This feature originally appeared in the February 2021 issue of FourFourTwo. Subscribe today and save 37% (opens in new tab): all the exclusive interviews, long reads, quizzes and more but with more than a third-off normal price.
It was just past midnight on the morning of Thursday September 12, 1895, and rumbles of thunder disturbed the skies above Birmingham. Three men stood in darkness on the flat roof of a boot and shoe shop in New Town Row, to the north of the city centre.
They stripped back the zinc cladding from the roof before smashing a hole through the ceiling. Then, two of the men slowly lowered the other into the deserted shop. Inside, the thief opened the till and pilfered small change amounting to two or three shillings. His real target was elsewhere, sitting behind a sliding partition in the shop window.
There, mounted on a stand and surrounded by football boots, was a shiny silver trophy – around 16 inches tall with handles, a lid and tiny bearded figure with a ball at his feet. But this wasn’t just any old trophy: this was the original Football Association Challenge Cup.
The miscreant grabbed it, carried it up onto the roof and away into the night, never to be seen again. It would be more than 60 years before the mystery of what happened to the original FA Cup was solved. Sort of...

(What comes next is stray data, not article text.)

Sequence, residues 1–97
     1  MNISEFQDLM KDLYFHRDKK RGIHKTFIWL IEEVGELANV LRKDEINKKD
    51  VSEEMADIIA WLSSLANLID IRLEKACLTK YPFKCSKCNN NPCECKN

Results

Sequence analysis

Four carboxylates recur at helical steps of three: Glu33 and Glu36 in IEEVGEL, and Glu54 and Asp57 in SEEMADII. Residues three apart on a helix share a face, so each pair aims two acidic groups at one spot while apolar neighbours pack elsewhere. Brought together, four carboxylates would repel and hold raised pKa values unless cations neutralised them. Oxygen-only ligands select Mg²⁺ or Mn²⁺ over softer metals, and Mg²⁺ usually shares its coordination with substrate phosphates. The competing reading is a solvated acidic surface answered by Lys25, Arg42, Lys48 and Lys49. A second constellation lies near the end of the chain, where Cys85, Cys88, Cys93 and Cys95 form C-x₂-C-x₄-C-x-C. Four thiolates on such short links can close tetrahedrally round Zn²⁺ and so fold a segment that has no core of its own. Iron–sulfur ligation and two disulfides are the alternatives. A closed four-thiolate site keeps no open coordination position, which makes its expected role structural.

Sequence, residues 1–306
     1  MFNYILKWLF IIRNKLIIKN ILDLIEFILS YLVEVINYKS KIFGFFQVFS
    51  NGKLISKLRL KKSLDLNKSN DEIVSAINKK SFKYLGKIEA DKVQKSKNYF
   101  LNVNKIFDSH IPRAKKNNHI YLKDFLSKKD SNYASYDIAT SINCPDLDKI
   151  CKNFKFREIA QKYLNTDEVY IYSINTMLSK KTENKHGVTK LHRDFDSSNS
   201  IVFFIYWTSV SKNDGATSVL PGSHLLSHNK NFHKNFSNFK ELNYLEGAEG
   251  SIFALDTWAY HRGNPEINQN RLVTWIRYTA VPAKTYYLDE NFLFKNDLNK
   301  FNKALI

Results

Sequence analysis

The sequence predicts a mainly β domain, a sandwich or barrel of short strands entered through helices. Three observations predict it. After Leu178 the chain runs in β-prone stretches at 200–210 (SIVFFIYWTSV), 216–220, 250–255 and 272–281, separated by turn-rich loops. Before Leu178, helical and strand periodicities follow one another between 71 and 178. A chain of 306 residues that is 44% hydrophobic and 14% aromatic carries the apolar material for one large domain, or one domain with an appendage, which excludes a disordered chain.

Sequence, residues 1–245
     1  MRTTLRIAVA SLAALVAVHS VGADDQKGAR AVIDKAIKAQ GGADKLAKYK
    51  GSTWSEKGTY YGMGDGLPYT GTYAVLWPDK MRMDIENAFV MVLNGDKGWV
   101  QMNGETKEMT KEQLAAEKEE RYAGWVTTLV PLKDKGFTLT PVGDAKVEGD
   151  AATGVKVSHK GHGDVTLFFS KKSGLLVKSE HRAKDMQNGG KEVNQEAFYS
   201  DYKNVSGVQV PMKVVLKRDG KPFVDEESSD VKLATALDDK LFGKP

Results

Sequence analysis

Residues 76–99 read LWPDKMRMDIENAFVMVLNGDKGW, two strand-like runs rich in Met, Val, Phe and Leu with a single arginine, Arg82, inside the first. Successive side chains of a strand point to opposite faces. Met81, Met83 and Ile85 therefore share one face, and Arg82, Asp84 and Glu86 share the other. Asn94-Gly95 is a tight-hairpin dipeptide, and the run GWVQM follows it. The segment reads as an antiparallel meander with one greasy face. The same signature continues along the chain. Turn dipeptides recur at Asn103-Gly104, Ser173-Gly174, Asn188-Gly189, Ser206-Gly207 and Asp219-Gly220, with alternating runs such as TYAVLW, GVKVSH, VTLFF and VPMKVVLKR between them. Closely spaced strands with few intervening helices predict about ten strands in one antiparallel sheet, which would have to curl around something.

Aston Villa had lifted the trophy five months earlier, against Midland rivals West Brom at Crystal Palace. The 24th FA Cup final was settled by a single goal scored after only 30 seconds, when a shot from inside forward Bob Chatt was deflected into the net by Villa skipper Jack Devey.
Villa may have been defending First Division champions in the 1894-95 campaign, but the FA Cup was football’s biggest prize. They took it back to Birmingham and were met at the train station by a huge crowd of supporters, who cheered as captain Devey proudly held the trophy aloft. At a club reception, the cup was filled with champagne and toasts were made to the team and officials. Afterwards, the cup was stored inside Villa’s safe at their Perry Barr ground. It wouldn’t remain safe for very long.